Here are some photos form James’ visit to his old high school, which include him signing autographs and sitting in his old classroom.


One of my favorite artifacts includes a picture of James Dean on a visit home, playing his conga drums in the middle of a pig pen. He was a farm boy at heart, and that picture made him more endearing and human to me.



Legendary James Dean to fans worldwide, he was and is still “Jim” to everyone in Fairmount. Likewise, Dean’s friends and cousins often frequent the historical society, and I’m not surprised–it’s a wonderful place!

James Dean’s speeding ticket–issued to him hours before his death.
Said conga drum picture!

The farm in which Dean was raised still stands to this day, and continues to be owned by his mother’s side of the family. It’s Winslow Farm, and it is here that he would often visit to play with his young cousin, Markie.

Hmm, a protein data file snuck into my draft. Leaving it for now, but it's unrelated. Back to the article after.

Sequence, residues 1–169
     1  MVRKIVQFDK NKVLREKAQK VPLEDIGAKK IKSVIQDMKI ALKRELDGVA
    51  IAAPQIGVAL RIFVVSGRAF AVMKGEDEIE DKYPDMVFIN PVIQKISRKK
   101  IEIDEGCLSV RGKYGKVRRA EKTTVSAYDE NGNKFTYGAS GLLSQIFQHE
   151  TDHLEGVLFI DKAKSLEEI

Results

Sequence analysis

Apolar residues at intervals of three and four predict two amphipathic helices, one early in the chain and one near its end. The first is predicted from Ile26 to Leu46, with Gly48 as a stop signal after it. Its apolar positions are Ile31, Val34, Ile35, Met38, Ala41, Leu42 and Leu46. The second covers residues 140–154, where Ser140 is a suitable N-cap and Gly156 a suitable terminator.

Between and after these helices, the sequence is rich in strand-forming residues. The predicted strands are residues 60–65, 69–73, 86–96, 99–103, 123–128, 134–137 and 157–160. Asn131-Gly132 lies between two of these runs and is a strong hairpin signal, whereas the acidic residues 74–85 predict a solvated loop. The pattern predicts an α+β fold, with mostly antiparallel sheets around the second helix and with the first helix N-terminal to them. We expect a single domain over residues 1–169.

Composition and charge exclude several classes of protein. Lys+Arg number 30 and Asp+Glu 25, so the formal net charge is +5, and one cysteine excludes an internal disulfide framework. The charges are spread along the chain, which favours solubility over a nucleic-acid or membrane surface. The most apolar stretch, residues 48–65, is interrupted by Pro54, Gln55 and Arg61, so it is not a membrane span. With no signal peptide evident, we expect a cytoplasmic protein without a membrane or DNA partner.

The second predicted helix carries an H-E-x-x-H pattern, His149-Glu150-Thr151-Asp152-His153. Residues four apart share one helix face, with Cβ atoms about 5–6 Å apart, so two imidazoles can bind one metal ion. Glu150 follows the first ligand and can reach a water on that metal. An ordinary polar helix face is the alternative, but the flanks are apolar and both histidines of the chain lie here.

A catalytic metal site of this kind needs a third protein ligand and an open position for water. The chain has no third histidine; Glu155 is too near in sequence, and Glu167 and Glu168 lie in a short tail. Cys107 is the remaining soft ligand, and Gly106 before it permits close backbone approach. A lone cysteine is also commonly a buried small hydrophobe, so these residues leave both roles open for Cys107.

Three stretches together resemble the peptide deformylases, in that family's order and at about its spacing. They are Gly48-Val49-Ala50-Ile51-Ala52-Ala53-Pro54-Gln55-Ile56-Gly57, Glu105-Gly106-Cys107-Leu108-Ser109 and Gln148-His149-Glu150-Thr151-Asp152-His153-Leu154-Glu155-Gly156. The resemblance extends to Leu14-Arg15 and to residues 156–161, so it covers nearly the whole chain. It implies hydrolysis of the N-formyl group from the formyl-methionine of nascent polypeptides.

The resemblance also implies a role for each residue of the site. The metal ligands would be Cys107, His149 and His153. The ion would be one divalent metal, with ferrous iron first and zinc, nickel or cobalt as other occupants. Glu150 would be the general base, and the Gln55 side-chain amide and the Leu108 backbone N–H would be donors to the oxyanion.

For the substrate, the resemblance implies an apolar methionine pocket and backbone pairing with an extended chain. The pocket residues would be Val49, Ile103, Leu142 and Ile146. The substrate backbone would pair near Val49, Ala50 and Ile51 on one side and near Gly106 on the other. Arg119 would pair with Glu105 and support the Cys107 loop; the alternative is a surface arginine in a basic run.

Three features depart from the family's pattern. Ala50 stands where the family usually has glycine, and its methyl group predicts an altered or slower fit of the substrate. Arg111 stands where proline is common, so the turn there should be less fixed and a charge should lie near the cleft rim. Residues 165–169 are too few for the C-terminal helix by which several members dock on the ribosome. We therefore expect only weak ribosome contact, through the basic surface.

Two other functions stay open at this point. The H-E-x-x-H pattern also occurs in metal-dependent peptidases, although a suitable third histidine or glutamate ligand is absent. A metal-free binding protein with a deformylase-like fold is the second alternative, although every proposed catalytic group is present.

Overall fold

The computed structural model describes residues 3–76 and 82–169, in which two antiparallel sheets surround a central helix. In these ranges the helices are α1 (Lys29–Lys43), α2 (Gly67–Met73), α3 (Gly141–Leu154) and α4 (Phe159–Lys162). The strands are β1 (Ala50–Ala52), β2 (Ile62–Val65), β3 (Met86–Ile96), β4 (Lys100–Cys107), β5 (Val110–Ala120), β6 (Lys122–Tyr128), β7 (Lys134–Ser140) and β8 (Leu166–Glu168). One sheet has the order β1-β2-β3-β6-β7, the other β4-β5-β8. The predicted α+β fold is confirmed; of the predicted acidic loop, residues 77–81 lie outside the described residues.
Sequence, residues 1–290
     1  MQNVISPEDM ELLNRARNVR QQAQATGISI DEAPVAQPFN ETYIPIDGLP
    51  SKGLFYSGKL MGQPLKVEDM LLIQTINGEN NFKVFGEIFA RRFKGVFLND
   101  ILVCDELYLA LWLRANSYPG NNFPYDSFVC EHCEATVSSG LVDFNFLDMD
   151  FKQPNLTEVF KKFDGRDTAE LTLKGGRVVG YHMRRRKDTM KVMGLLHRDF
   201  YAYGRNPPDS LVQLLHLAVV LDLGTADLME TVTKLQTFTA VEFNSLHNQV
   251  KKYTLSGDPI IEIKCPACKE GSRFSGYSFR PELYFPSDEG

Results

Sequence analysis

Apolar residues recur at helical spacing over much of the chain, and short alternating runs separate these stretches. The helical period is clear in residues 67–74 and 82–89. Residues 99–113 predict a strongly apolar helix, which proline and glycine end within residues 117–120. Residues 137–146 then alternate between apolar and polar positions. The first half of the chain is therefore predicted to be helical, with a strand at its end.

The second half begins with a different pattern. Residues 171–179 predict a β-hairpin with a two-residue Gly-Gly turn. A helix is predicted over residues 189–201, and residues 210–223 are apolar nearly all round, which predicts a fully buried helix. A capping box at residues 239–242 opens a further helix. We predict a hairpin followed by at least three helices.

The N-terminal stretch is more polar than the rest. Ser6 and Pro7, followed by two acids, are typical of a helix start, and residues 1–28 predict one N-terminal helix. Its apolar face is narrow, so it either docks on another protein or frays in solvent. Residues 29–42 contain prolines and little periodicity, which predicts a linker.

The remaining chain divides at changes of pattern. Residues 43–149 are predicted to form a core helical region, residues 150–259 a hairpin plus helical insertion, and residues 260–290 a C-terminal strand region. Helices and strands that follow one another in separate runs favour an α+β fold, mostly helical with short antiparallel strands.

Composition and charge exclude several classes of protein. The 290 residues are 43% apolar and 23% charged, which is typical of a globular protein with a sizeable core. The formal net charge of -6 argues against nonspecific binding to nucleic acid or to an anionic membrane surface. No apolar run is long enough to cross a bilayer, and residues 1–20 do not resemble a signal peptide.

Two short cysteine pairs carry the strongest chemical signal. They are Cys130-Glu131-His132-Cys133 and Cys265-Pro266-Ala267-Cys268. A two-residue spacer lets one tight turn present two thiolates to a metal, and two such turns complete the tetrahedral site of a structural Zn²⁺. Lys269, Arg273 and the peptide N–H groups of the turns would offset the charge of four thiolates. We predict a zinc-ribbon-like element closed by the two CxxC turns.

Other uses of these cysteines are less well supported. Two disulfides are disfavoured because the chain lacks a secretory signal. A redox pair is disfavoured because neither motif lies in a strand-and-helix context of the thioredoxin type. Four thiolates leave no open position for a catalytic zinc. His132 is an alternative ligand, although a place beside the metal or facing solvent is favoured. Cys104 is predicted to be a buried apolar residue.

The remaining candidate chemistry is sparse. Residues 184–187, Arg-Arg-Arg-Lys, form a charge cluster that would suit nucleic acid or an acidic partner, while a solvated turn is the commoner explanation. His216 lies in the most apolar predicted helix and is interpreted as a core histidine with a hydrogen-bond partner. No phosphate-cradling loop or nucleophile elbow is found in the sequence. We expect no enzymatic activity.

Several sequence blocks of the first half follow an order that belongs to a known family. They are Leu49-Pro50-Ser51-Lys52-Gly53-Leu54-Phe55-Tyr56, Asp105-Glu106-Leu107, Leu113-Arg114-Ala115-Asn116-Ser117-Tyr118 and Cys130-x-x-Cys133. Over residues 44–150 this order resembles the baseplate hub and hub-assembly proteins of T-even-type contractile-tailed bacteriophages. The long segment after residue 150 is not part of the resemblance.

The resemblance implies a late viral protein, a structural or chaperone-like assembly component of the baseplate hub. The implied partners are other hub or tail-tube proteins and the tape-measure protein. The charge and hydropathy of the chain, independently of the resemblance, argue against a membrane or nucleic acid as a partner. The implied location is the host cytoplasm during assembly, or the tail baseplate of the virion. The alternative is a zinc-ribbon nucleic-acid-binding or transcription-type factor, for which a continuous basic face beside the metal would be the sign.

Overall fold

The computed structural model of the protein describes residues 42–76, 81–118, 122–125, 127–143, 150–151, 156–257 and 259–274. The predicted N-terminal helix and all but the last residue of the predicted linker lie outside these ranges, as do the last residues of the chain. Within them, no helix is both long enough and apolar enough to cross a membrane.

Here it is today:


Marion, Indiana, also has memorial markers for James’ birthplace.


My roommate and I made just one more stop on the way out of town to the Quaker church which Dean attended as a boy.


It is also worth noting that Dean was a bit of a motorhead. People in Fairmount often paired him with the revving of his motorcycle, which he would maneuver both on the road and through the cornfields. But it is the fateful Porsche Spyder that will be linked to the tragedy of Dean’s death.


His funeral was held at the Fairmount Friends Church. To quote Findadeath, Dean’s funeral was attended by 3000 guests (more than the population of Fairmount), and his pallbearers consisted of friends from high school.